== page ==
Escala: The Docklands project bringing a piazza to the people
More public spaces are beginning to emerge around Melbourne as developers turn a keen eye on community.
These outdoor spaces come with enough room for people to do what people do – meet, chat and sip coffee. They commonly feature built-in seating and are architecturally positioned to receive the best light and protection from the wind and sun.
Melbourne has a limited number of established communal spaces and our most prominent, Federation Square, is just 18 years young. Historians point to early planning strategies that deliberately avoided gathering spaces for fear they would facilitate colonial uprisings.
But now private developers are seizing on ways to attract people, including those who may not live or work at the buildings they are constructing.
The latest of these is the 100 square metre piazza at Escala, a new apartment complex set to grace the Docklands.
“I would say the symbolic heart of the project is the piazza,” says Michael Frazzetto, from Six Degrees Architects. “It’s where residents and the public can intermingle. It’s a real sort of gesture towards a communal space.”
A challenge for Frazzetto and his team was to shelter Escala’s piazza against the powerful winds the Docklands is so well known for.
“It’s a principal problem that a lot of projects in the Docklands face,” he says. “We sort of strategically located that piazza so it’s buffeted and protected against the strong southwesterlies. As they blow through it’ll be protected from that wind.”
It is also positioned on the north-east corner to capture morning light so visitors can still enjoy the space throughout Melbourne’s winter. And read the paper without it blowing away, says Frazzetto.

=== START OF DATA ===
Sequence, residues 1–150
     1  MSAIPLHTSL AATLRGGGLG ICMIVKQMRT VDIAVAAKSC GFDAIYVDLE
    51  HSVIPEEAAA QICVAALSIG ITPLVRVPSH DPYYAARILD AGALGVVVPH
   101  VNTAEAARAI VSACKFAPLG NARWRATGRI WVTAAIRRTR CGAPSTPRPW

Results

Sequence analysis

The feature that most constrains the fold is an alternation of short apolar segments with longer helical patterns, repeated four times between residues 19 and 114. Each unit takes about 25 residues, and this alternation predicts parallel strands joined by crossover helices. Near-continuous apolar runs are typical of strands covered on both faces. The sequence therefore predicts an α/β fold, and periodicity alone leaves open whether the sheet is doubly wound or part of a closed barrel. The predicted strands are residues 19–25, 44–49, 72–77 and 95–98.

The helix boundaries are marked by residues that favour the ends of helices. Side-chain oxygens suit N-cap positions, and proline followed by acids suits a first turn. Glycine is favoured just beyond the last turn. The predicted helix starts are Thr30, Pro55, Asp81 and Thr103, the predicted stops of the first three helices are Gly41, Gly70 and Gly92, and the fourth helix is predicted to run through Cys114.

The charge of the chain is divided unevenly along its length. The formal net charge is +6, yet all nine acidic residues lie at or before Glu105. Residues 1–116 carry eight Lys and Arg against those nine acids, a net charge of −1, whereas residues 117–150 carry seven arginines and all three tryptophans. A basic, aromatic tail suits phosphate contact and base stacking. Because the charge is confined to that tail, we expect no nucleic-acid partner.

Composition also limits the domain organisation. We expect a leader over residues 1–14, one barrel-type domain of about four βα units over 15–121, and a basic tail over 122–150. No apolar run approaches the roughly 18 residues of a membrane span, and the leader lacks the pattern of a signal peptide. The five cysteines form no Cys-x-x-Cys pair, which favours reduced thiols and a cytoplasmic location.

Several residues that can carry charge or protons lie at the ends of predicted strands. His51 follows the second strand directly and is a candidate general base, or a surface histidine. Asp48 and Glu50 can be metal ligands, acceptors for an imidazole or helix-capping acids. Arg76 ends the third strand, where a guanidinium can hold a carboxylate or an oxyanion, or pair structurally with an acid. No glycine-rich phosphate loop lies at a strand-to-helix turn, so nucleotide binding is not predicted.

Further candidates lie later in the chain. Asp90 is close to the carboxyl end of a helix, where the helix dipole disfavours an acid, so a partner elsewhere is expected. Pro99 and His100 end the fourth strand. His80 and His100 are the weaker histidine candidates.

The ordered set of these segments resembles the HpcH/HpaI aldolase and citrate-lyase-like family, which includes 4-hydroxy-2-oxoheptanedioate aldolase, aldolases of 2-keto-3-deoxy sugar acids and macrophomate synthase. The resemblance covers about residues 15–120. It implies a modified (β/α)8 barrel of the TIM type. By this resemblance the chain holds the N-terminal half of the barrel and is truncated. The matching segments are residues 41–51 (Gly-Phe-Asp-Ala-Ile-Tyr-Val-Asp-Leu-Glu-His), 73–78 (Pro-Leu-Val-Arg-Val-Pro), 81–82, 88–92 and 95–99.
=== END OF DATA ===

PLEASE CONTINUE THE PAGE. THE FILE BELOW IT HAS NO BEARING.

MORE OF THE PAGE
“It’s sort of something as simple as that level of detail that makes it a habitable space,” he says.
Docklands itself continues to become more community-minded with new additions such as a Woolworths supermarket and a Hoyts cinema to anchor the District Docklands. It’s part of a $150 million redevelopment of Harbour Town that will see a new roof and wind barriers, plus better CBD connections.
Improved infrastructure is part of the reason Peter Anderson decided to take a second look at the Docklands. He ventured there in 2002, but found the apartments were too small and decided to buy in Southbank instead.
One week before Christmas last year he purchased a two-bedroom apartment at Banksia, NewQuay.
“Over the last 10 years Southbank has become a concrete jungle so it was time to upgrade,” he says.
“At Banksia I’ve got uninterrupted water views and no road traffic.
“Plus the Docklands has come a long way in the last 20 years. It’s a thriving metropolis now.”
Originally published in Domain.com.au by Kate Jones on 27/04/2018